Cherry Hill was still called Delaware Township when plans for a "complete modern general hospital" at Chapel Avenue and Cooper Landing Road were announced in the late 1950s.
Long since acquired and expanded by Kennedy Health, the community hospital that opened in 1961 is being transformed by a $250 million construction project and a pending merger with Philadelphia's Jefferson Health.
"There will be a total rebranding of this campus," says Joseph W. Devine, president and CEO of Kennedy Health.
Planning for the project predates the merger and "has been a long time coming," he says, adding, "For us, it will be a real statement."
Indeed, with new hospitals rising in nearby suburbs and urban health systems like Lourdes and Penn opening stylish new outpatient facilities on Route 70 in Cherry Hill, Kennedy's utilitarian complex on the township's west side was overdue for a reboot.
Successive Cherry Hill mayors "would ask me, 'So when are you going to do Cherry Hill?' " Devine, a three-decade Kennedy management veteran, recalls.
"The new campus will fit in with this community," he adds. "It will be truly Cherry Hill-worthy."
Says Mayor Chuck Cahn: "We're very excited about it. The investment is tremendous, and [the new Kennedy] will be a marquee facility."
On a recent blustery morning, Devine and I are among a half-dozen people donning white hard hats and fluorescent green vests for a site tour.
Work on the first phase - a seven-story parking garage, a 100,000-square-foot medical office building, a dramatic lobby and entrance featuring panels of Italian stone - began in September 2015.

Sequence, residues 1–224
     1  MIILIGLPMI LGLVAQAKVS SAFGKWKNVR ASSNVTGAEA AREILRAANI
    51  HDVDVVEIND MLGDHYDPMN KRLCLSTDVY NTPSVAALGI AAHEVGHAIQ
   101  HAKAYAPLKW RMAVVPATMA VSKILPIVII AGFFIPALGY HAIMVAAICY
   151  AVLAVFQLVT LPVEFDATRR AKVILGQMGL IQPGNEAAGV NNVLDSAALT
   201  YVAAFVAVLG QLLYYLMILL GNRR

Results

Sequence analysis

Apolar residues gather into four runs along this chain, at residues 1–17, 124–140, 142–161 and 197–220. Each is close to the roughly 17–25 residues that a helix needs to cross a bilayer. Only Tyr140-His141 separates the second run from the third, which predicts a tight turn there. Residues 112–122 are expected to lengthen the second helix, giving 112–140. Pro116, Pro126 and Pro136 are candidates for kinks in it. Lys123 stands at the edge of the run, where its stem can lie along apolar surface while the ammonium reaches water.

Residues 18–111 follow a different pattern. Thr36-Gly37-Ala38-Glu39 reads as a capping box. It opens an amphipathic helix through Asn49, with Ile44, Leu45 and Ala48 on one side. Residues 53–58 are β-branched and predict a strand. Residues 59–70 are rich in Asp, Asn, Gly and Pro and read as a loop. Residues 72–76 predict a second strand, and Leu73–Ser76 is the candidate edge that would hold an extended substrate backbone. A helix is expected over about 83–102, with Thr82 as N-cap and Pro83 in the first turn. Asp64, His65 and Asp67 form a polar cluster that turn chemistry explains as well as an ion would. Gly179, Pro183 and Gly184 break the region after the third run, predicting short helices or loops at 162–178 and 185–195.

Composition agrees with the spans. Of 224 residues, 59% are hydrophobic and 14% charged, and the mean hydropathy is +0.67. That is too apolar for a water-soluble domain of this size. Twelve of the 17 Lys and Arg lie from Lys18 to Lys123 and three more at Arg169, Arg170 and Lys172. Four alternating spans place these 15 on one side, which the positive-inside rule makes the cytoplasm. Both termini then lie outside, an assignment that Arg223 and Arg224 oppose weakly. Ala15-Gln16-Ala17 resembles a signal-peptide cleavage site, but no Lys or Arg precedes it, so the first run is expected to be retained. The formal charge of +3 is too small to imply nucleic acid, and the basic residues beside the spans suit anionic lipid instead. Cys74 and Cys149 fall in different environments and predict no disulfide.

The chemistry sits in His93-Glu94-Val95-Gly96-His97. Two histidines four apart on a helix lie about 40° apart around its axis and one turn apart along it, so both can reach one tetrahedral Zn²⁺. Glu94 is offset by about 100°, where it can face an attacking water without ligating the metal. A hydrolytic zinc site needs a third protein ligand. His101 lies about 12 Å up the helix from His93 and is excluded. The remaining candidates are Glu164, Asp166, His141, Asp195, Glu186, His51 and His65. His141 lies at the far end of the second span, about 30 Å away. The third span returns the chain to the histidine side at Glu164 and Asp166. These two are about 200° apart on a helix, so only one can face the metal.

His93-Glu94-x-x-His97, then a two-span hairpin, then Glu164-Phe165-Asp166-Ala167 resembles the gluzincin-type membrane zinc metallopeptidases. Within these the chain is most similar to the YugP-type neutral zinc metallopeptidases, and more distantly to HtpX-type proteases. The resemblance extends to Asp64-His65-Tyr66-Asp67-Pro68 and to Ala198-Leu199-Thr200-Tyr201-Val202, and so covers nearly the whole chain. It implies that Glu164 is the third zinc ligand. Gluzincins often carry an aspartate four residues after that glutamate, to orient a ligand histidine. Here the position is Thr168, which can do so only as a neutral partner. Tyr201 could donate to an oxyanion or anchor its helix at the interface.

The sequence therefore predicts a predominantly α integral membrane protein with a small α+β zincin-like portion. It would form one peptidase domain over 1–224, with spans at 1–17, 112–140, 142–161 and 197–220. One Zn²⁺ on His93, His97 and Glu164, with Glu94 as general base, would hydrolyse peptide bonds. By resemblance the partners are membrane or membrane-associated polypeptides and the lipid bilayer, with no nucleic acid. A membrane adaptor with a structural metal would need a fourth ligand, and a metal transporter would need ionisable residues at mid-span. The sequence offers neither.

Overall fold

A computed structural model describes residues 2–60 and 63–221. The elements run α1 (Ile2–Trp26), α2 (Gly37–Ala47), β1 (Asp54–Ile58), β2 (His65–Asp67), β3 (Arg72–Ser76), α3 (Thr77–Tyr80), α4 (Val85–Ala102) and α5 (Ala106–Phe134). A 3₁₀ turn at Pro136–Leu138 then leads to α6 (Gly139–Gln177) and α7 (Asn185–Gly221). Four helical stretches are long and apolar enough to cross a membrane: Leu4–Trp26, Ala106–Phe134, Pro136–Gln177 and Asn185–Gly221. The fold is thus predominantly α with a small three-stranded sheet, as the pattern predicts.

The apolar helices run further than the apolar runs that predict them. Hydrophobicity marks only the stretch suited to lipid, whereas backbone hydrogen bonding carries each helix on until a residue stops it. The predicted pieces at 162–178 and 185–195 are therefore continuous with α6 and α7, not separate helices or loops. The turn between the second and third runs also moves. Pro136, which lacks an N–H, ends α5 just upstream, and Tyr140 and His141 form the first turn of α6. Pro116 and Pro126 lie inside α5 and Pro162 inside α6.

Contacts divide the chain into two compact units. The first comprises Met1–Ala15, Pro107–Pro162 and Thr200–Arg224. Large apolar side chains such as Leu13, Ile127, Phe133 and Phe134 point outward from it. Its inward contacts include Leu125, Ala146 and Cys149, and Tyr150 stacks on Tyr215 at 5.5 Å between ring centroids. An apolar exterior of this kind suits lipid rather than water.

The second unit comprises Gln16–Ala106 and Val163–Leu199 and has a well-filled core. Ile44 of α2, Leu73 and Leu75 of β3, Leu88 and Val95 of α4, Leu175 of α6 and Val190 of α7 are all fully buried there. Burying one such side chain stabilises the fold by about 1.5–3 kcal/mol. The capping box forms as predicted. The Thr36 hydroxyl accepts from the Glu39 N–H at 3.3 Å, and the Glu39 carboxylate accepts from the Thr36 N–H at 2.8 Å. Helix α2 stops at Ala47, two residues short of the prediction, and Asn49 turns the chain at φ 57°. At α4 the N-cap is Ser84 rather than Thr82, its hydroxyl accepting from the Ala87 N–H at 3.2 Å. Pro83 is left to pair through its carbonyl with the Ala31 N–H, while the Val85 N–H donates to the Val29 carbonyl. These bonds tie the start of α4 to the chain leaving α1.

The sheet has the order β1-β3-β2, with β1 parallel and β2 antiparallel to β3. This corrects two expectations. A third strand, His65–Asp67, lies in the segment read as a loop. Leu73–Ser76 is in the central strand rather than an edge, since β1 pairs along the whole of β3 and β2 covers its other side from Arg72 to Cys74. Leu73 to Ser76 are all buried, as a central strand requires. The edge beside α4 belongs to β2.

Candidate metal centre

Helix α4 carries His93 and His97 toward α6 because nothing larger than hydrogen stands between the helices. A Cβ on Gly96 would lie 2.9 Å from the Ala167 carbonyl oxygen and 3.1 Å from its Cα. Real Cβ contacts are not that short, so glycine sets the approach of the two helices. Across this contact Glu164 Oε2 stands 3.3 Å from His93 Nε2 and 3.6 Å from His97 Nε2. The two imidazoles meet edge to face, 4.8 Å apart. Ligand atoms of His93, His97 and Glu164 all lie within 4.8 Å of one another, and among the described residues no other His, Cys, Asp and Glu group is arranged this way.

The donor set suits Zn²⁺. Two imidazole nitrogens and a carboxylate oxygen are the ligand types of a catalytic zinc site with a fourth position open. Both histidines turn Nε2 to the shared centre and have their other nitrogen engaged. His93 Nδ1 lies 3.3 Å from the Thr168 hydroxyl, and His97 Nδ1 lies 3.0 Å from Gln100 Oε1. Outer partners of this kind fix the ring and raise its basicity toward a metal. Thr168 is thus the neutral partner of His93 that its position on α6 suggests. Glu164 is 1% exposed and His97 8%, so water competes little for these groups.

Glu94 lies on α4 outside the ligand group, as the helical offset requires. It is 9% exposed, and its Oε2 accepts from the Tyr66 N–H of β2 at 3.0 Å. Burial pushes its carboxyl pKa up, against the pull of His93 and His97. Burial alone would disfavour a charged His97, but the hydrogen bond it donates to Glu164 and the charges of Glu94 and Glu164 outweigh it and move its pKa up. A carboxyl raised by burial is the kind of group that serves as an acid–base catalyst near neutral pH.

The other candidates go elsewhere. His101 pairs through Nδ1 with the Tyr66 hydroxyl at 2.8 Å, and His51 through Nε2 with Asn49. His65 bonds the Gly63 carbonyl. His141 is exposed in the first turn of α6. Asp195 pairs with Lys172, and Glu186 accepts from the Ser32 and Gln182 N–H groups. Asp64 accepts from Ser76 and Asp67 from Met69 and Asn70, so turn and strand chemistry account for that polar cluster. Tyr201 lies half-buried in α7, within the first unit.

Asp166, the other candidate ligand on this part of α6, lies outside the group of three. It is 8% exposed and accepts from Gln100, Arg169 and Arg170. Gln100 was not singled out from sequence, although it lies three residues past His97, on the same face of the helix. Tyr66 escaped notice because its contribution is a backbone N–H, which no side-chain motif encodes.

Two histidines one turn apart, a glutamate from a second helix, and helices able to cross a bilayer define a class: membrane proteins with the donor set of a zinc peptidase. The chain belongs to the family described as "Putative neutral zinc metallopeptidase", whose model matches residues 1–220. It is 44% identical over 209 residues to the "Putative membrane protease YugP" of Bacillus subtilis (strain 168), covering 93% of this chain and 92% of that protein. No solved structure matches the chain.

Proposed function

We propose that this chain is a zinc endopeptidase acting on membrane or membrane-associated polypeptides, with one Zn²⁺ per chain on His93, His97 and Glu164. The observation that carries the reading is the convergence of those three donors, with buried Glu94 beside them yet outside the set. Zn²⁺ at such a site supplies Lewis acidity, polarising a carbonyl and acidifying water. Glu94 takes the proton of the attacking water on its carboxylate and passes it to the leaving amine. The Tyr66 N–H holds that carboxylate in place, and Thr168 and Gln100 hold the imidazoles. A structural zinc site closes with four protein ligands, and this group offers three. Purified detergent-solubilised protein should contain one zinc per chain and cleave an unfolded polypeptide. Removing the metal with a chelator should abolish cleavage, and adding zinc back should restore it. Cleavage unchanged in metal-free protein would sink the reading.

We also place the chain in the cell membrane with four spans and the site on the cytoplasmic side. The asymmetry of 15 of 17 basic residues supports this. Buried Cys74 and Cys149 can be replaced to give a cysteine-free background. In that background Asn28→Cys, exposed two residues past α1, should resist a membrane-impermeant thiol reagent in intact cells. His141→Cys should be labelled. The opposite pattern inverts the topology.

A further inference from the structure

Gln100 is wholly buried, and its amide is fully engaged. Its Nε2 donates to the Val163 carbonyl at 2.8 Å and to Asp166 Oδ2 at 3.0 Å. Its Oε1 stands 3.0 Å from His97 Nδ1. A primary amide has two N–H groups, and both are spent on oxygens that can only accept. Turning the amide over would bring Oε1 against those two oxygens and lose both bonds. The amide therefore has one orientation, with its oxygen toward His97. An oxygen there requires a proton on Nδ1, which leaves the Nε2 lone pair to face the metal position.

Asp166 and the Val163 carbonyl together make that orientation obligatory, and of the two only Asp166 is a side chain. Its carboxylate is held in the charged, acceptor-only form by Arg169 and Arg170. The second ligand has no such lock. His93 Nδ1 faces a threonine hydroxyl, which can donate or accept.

The job "is about 70 percent complete," says Ryan Spotts, senior project manager for the Norwood Co., the Malvern firm overseeing the work.
What's being done is not only cosmetic; Kennedy is connecting new buildings to existing structures, some of which are being renovated.
This is being accomplished on an already busy medical complex (nearly 200 patient beds and 1,200 employees), next door to Cherry Hill West High School, and within a densely developed section of the township.
Relocation of utility poles also meant relocating a portion of the eruv - an enclosure that accommodates the needs of Orthodox Jews.
"We are nothing but grateful and appreciative to Kennedy for helping us maintain our Sabbath observance," says Rabbi Ephraim Epstein, of the nearby Congregation Sons of Israel.
Devine expects New Jersey regulators will sign off on the merger by mid-2017.
"With Kennedy as a major hub of Jefferson, we will be a major part of the fabric" of health care in South Jersey, says Stephen K. Klasko, president and CEO of Jefferson Health.
"A lot of things that Kennedy has done have been best in class," Klasko adds. "This merger would not happen if Kennedy hadn't gone so far."
Although the Kennedy name will be retained in some form, and the mid-1960s patient tower will be renovated to provide private rooms, one signature component of the Cherry Hill campus will not survive.
That would be the current medical office building, which is near Chapel Avenue but might be more at home on a Mad Men set.
Devine notes that this hexagonal, space-age structure was designed by a Floridian whose specialty was graphics, not architecture.
"We're creating a new image, with natural light coming inside and a more open, healing environment," Lisa Dutterer, Kennedy's chief administrative officer, says.
"That existing medical office building is not very welcoming. It does not provide easy access or convenience for patients," she adds.
"And it's dark in there."